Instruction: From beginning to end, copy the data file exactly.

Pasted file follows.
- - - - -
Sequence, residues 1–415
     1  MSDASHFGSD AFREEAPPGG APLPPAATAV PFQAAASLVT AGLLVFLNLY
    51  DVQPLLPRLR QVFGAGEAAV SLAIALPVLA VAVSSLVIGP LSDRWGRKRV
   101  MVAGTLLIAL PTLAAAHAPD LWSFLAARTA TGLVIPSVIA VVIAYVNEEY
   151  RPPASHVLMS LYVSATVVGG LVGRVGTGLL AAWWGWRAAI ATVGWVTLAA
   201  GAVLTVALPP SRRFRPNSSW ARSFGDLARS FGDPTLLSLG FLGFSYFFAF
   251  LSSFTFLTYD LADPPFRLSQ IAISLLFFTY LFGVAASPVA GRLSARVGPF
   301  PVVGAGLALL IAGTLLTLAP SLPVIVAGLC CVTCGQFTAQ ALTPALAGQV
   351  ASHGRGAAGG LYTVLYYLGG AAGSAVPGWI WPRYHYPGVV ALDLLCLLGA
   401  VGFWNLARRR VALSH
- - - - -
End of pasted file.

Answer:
Sequence, residues 1–415
     1  MSDASHFGSD AFREEAPPGG APLPPAATAV PFQAAASLVT AGLLVFLNLY
    51  DVQPLLPRLR QVFGAGEAAV SLAIALPVLA VAVSSLVIGP LSDRWGRKRV
   101  MVAGTLLIAL PTLAAAHAPD LWSFLAARTA TGLVIPSVIA VVIAYVNEEY
   151  RPPASHVLMS LYVSATVVGG LVGRVGTGLL AAWWGWRAAI ATVGWVTLAA
   201  GAVLTVALPP SRRFRPNSSW ARSFGDLARS FGDPTLLSLG FLGFSYFFAF
   251  LSSFTFLTYD LADPPFRLSQ IAISLLFFTY LFGVAASPVA GRLSARVGPF
   301  PVVGAGLALL IAGTLLTLAP SLPVIVAGLC CVTCGQFTAQ ALTPALAGQV
   351  ASHGRGAAGG LYTVLYYLGG AAGSAVPGWI WPRYHYPGVV ALDLLCLLGA
   401  VGFWNLARRR VALSH